Sunday by Georges Simenon (London: Penguin Books, 1959)

I had a very long journey yesterday – a train trip from Prague to Vienna was but a small part albeit a highlight —  perfect for reading a short Simenon novel. This one’s set on a Sunday in a small pension in the South of France. It begins on glorious day, as a couple is waking up. Simenon describes the bodies, the breaths, the density of the air, the smells of the people, the colours of the view. It’s a very sensuous setting for a murder. The man on the bed is Émile, the chef; the woman, Berthe, his wife, who he feels has trapped him; she is the owner of the pension and, he fears, of him. The rumblings upstairs are from Ada, the maid and Émile’s mistress. Murder is the bid for freedom and a new life. The whole novel is an account of the events of the day leading up to the murder -when? How? -with flashbacks explaining the why. Every detail seems common sense yet they all add up to a damming and very entertaining picture of amorality. A risotto, the chef’s speciality, takes pride of place in a startling finale that overturns much of what the reader has thought so far, risottos included. Thanks to Richard for the gift of the book.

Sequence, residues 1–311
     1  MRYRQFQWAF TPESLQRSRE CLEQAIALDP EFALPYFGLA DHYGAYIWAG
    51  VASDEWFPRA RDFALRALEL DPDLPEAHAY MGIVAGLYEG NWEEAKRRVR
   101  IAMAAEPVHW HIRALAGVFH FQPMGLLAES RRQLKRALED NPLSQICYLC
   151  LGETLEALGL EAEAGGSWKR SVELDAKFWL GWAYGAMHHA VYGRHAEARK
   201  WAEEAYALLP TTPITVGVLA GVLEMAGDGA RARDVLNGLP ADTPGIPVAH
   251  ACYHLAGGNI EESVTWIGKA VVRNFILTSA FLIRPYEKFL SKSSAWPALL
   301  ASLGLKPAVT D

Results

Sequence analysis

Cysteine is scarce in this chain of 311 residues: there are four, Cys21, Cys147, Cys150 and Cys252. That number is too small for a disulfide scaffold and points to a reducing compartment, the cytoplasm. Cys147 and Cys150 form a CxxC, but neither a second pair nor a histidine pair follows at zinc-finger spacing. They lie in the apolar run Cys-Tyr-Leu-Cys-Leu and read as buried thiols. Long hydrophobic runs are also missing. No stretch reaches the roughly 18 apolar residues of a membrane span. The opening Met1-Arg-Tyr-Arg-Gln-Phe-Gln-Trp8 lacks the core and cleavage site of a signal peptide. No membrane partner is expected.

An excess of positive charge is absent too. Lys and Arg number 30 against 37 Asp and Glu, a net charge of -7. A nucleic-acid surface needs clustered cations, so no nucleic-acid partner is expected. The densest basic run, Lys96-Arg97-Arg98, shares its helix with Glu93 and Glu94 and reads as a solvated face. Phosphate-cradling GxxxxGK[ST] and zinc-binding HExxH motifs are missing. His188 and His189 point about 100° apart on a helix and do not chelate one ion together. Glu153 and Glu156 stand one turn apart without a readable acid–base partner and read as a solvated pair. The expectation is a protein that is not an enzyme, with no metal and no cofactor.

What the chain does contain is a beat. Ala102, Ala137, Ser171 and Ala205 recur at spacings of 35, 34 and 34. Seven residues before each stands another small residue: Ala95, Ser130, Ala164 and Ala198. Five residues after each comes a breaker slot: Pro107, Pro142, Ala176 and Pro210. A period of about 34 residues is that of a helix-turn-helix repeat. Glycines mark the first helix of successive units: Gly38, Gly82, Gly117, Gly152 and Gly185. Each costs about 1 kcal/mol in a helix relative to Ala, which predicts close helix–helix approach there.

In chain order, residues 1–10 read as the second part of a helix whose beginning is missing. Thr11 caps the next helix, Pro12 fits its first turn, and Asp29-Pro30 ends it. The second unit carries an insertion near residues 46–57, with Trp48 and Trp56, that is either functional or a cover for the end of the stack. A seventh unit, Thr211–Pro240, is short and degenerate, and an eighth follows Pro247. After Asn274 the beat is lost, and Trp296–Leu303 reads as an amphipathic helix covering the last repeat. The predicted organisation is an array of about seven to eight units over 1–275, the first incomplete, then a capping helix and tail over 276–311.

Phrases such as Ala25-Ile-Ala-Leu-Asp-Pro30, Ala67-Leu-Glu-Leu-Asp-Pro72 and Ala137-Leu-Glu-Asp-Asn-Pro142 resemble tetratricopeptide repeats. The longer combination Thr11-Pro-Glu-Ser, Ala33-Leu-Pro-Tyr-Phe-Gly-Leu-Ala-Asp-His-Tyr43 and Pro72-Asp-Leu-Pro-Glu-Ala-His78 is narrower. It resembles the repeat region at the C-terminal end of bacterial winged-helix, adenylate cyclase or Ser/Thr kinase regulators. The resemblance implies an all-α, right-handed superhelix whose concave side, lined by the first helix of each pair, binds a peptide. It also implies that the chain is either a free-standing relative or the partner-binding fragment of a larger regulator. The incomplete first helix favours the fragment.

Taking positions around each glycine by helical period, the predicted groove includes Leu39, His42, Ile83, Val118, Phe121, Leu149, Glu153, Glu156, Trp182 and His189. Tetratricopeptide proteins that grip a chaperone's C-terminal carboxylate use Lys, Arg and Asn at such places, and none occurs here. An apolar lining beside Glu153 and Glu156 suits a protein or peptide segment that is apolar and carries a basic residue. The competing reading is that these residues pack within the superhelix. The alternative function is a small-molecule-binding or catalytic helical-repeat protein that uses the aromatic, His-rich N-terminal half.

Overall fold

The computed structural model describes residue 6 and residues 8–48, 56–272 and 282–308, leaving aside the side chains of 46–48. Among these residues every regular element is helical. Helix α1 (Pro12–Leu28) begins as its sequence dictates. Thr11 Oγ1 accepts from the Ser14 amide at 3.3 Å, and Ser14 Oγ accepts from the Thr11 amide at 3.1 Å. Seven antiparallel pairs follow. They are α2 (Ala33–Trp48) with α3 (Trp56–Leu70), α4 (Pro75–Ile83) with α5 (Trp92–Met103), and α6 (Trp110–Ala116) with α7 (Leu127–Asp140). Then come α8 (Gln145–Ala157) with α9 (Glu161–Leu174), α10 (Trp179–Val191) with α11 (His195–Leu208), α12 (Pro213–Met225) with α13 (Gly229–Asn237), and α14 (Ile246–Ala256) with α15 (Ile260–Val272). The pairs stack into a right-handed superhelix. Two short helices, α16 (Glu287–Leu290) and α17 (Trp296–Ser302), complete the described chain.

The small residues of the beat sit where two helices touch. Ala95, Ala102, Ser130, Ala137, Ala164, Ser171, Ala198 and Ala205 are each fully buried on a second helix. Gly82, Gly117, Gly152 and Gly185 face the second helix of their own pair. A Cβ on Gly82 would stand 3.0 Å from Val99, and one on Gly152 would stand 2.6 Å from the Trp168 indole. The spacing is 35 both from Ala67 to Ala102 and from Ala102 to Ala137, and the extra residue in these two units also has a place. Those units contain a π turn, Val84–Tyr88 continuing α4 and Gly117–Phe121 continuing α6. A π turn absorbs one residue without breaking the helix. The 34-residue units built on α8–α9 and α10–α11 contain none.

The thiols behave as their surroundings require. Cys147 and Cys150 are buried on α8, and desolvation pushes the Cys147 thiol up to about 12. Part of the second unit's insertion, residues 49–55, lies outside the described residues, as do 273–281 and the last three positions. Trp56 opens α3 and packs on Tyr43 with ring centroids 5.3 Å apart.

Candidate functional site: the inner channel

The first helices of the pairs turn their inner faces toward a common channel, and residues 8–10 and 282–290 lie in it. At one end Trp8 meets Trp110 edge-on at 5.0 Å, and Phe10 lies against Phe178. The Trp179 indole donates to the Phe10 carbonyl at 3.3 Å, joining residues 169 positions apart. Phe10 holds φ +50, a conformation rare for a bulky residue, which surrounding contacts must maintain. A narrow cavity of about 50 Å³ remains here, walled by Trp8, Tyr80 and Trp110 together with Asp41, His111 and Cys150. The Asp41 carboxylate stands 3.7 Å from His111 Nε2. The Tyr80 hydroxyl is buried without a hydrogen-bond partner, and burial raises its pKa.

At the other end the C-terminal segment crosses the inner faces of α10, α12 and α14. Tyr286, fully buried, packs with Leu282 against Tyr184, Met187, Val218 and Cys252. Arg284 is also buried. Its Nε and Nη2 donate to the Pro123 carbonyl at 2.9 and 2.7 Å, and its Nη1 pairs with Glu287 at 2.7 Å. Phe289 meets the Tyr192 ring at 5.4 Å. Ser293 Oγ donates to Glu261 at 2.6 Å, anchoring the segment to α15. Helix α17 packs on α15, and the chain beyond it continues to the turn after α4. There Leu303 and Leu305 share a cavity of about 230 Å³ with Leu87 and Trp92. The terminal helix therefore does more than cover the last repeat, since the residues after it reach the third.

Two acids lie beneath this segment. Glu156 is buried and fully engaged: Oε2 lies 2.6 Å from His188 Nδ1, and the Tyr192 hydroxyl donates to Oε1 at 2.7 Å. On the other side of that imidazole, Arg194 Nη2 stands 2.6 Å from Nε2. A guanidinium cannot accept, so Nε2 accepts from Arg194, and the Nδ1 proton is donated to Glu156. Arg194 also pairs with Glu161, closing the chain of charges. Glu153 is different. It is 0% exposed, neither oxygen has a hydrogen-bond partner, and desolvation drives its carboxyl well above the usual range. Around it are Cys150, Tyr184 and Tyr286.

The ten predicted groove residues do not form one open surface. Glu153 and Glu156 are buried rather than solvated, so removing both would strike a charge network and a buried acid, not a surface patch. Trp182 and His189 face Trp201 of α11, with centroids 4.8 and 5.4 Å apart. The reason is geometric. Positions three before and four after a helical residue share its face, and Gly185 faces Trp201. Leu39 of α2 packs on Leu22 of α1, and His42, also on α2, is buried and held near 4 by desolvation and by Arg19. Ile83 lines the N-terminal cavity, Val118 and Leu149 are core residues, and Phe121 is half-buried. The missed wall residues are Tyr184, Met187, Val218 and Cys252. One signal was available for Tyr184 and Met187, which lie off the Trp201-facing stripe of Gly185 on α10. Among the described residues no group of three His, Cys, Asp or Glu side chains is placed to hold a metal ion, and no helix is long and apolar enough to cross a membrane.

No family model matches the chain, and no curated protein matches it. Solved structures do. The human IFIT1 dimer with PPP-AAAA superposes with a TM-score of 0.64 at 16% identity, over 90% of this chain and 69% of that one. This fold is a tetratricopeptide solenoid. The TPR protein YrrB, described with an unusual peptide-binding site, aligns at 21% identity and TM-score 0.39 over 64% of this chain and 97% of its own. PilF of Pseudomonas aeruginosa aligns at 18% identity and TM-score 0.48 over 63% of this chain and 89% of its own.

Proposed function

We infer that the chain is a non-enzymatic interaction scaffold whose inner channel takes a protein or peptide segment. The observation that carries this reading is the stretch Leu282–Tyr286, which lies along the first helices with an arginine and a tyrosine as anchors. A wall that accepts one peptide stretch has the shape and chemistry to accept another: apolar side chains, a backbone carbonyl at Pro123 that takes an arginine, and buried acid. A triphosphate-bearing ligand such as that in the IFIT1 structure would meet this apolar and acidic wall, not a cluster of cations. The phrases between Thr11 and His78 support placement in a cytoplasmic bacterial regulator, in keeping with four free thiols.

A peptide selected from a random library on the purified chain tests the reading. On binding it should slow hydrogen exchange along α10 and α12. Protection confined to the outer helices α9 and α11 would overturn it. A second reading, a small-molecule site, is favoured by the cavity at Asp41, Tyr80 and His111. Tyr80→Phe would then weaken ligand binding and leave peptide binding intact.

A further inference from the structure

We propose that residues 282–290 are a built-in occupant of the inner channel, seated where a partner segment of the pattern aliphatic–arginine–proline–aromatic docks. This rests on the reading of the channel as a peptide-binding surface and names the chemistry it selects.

José Arroyo

Leave a Reply